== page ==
UTOPIA does not have the funding to build more plant. That means they will be restricted to subscribers they can gain in existing built areas. To project their future growth in these areas we should look at their subscriber gains over the past year and not include the subscriber gain in new build areas. Then we will see how successful they are likely to be at gaining subscribers in non new build areas. Perhaps lowering the number as they will not have the funding to give many free installs?

    If those numbers suggest that UTOPIA will be cash flow positive in a decade I will stop predicting their failure.

    As a side question, did they happen to mention why a citizen would be required to submit a GRAMA request just to see their by-laws? lol

  5. Jesse says:

    Capt: The subscriber numbers are a very small part of the story here. The caliber of some of those accounts are such that their ARPU is through the roof. I can’t really go into specifics, but you and many people around the nation would know the names of some of the clients they have picked up. That’s not a lot of consolation right now to residences who could have to wait several years for service, but it means that UTOPIA will still be around in several years to deploy it.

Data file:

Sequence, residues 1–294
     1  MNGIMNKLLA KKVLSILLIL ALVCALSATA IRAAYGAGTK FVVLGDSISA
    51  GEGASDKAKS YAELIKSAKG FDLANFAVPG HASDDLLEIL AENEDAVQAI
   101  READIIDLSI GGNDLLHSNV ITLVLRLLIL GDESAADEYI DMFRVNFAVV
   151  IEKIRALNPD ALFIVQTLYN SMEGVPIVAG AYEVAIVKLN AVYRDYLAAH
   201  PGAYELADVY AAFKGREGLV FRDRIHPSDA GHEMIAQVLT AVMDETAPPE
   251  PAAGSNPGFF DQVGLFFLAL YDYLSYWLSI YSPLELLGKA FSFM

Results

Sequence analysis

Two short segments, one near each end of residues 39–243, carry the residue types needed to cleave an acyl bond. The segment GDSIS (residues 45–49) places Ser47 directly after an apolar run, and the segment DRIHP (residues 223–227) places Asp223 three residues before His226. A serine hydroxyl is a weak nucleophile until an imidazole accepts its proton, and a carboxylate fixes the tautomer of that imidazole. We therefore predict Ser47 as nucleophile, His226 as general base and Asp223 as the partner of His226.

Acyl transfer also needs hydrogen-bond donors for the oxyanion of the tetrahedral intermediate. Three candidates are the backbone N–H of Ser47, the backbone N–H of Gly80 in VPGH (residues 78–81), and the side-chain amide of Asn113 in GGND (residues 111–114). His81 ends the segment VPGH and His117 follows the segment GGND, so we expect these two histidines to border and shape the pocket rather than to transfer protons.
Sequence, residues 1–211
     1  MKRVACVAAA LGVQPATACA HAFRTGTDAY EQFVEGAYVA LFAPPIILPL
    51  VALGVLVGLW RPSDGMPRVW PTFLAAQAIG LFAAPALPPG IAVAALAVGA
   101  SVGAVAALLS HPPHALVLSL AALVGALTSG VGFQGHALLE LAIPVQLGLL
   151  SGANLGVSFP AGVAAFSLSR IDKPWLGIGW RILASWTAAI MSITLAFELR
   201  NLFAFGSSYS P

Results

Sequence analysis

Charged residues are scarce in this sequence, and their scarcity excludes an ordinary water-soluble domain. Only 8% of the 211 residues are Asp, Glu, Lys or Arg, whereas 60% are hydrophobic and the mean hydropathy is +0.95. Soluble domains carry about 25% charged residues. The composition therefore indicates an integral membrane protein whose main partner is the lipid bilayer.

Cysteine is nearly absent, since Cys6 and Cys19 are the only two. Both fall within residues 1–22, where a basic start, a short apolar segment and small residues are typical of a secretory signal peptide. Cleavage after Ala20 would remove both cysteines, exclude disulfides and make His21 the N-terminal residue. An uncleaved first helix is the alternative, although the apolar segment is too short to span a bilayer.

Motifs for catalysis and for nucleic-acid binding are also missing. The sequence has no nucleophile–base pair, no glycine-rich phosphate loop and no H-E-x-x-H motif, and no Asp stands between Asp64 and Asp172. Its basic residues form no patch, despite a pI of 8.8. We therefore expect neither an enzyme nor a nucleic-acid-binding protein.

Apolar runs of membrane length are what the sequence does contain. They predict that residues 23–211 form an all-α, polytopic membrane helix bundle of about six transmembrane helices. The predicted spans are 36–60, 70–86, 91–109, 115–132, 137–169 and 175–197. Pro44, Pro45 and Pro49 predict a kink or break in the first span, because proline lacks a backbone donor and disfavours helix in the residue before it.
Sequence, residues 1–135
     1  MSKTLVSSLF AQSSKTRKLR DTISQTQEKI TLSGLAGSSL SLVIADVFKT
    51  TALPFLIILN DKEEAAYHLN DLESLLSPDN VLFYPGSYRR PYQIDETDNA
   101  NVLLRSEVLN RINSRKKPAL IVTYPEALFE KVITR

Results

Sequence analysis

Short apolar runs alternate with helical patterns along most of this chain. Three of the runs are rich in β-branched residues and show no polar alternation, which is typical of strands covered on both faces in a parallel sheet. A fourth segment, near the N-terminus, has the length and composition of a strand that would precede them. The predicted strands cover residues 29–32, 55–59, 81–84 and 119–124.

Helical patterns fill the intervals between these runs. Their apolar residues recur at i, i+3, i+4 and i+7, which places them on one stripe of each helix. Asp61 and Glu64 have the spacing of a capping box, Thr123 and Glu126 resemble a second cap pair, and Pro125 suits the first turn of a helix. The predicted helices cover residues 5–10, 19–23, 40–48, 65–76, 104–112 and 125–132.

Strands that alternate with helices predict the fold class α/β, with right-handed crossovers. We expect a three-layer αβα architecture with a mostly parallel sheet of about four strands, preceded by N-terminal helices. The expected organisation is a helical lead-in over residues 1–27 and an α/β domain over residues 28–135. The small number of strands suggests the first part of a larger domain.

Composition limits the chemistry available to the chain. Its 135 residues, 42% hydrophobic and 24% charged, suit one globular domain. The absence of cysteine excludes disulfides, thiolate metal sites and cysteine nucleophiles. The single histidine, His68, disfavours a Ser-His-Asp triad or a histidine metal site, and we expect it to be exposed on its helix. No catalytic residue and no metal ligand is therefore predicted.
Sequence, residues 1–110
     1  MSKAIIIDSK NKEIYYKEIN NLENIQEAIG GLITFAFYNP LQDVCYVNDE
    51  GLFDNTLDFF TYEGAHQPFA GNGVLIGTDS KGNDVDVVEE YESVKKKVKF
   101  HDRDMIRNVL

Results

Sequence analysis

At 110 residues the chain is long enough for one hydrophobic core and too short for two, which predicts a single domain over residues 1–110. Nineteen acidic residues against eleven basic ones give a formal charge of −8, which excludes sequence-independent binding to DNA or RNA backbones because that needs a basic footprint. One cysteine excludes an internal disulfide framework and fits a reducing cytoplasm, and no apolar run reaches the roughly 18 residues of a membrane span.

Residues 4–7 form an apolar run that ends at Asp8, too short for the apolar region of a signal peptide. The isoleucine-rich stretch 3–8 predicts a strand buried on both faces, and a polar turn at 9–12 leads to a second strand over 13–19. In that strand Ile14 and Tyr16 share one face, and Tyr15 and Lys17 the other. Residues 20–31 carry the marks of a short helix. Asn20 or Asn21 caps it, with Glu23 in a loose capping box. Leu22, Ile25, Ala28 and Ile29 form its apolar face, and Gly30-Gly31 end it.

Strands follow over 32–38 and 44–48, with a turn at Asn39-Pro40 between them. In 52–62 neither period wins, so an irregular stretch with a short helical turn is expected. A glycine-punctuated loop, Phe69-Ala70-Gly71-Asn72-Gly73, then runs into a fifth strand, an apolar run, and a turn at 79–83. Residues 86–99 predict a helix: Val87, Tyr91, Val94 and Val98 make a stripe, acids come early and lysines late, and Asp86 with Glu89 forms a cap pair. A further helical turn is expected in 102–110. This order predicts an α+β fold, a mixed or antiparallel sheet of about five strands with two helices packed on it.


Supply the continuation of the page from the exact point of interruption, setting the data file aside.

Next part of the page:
UTOPIA’s position on GRAMA is simple: they’re from a business background and don’t like showing any more of their hand than they have to. It’s pretty standard for any governmental agency to require GRAMA requests for any documents you want to get access to. It would have been nice, for instance, for Provo to post all of the sale documents on their website, but they didn’t have to. I had to fill out a form, drive down to Provo, and hand it to them in person. I’m not saying that it’s necessarily a Good Thing(TM), but it is both understandable and standard operating procedure.